Pope Francis' plea for climate change action backfired among conservative Catholics, according to an Oct. 24 study published by the Annenberg Public Policy Center.
The study sought to investigate whether a religious authority could influence public opinion on such a politically-polarized topic. The researchers analyzed the perception of Francis’s 2015 encyclical entitled “Laudato si,” which emphasizes the need to address climate change as a moral imperative.
According to the study, an increase in politically-polarized views on climate change correlates with an awareness of the Pope’s encyclical. Conservative Catholics aware of the encyclical devalued the Pope’s credibility on climate change because they felt “cross-pressured by the inconsistency between the pontiff’s views and those of their political allies,” the study said. These encyclical-aware conservatives felt less concerned about climate change than conservatives who weren’t aware of it. On the left, those who were more aware of the encyclical expressed more concerns about climate change than those who were not aware.
The study also found, more generally, that “Laudato si” did not raise broad public concern about climate change. Though Catholics attributed higher credibility to the Pope on climate change than non-Catholics, awareness of “Laudato si” was not associated with an increase in public concern over climate change.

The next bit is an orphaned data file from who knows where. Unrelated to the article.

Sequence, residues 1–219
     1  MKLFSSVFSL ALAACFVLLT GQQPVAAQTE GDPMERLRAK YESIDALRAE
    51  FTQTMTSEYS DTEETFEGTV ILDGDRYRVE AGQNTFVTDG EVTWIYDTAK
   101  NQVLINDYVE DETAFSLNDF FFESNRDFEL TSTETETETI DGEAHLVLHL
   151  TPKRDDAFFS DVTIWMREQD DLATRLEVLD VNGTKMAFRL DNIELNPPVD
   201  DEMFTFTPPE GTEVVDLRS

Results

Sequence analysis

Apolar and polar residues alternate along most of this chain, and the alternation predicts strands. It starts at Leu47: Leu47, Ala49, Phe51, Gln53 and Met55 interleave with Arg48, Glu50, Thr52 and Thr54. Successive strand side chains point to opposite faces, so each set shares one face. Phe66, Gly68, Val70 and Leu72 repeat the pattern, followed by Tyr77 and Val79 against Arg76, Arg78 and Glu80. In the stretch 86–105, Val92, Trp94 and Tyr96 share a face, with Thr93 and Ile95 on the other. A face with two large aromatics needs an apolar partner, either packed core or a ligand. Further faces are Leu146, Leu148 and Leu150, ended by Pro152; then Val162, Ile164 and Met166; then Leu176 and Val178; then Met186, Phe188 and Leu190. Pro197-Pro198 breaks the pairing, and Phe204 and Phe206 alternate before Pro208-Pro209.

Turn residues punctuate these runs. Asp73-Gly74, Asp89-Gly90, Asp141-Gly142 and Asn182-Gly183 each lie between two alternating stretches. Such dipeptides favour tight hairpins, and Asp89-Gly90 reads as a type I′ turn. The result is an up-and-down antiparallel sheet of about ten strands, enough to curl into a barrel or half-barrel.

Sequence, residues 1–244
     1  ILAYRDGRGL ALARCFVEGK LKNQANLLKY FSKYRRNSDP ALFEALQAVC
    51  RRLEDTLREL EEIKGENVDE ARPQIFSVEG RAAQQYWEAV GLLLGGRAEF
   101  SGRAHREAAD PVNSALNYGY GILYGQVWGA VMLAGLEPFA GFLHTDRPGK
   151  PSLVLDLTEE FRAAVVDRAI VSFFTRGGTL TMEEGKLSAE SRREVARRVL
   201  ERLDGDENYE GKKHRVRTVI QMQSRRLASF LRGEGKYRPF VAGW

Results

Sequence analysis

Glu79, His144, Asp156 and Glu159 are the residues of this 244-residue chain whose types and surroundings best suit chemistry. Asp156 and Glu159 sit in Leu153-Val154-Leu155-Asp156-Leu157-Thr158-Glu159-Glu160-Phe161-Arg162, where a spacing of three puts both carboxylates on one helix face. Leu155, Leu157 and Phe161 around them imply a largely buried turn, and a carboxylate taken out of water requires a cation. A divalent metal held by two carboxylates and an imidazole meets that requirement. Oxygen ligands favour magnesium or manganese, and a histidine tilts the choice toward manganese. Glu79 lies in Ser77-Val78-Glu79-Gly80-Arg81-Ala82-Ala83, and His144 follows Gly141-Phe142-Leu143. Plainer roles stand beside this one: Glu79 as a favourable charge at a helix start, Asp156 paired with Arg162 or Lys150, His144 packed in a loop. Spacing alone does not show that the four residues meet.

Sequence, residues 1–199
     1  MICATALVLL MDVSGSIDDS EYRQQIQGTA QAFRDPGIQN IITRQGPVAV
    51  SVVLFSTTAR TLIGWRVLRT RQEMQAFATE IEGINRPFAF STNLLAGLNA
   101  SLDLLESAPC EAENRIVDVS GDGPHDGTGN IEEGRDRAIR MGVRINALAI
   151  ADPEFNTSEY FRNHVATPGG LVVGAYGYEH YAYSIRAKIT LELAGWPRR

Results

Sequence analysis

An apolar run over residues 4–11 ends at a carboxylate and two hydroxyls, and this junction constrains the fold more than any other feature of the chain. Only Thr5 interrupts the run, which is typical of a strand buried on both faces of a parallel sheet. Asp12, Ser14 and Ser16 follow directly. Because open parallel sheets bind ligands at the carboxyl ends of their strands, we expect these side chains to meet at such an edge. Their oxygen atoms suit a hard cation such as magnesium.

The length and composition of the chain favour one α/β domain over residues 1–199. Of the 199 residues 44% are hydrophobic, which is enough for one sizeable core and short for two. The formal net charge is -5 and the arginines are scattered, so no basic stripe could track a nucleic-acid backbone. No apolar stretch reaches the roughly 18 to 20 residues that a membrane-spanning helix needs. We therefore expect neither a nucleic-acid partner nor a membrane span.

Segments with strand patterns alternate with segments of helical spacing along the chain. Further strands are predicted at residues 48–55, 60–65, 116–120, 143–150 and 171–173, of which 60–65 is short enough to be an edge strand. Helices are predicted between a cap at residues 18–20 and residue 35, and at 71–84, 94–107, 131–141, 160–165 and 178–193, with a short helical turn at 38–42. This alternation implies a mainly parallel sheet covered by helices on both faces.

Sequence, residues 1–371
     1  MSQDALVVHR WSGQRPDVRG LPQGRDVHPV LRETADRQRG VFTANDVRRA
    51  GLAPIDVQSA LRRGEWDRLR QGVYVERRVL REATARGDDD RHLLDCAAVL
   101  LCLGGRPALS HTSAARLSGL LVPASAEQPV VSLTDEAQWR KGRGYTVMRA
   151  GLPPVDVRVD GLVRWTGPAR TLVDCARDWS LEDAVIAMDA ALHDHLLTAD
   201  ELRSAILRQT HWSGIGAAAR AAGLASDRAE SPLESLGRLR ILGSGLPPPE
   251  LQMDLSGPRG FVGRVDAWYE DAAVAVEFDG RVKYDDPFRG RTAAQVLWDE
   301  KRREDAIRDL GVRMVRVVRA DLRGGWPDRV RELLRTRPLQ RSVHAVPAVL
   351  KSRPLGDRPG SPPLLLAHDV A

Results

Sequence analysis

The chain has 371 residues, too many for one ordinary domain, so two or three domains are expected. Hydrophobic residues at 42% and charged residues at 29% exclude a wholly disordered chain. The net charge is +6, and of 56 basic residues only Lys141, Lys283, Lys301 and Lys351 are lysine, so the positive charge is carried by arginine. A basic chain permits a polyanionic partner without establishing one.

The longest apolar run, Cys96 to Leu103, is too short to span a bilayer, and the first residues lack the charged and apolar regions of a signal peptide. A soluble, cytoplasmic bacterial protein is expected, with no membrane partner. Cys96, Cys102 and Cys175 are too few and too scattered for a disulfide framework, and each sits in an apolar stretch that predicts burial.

The study’s primary author, Texas Tech University professor Nan Li, who researched the study as a postdoctoral fellow at The Annenberg Public Policy Center last year, said in an interview how Annenberg’s resources aided her in completing the study.
“We have a lot of resources to rely on,” Li said. She specifically identified her postdoctoral colleagues and Annenberg’s many visiting scholars for their assistance in her research. Data from Annenberg Science Knowledge surveys, conducted before and after the release of the 2015 encyclical, formed the basis of the study.
The study “demonstrates the ineffectiveness of communicating climate science in a certain way,” Li said, alluding to the Pope’s inability to sway his conservative followers into reconsidering their stance on climate change.
Prior to the study, many assumed that an authority figure as prominent as the Pope might be able to influence public opinion. The implications of the study are especially important for those concerned with communication about climate change in polarized environments. The study’s results suggest that “worldviews, political identities and group norms that lead conservative Catholics to deny climate change override their deference to religious authority when judging the reality and risks of this phenomenon."
Other Annenberg-affiliated authors of the study were Annenberg postdoctoral research fellow Joseph Hilgard, former visiting scholar Dietram A. Scheufele and faculty members Kenneth Winneg and Kathleen Hall Jamieson.
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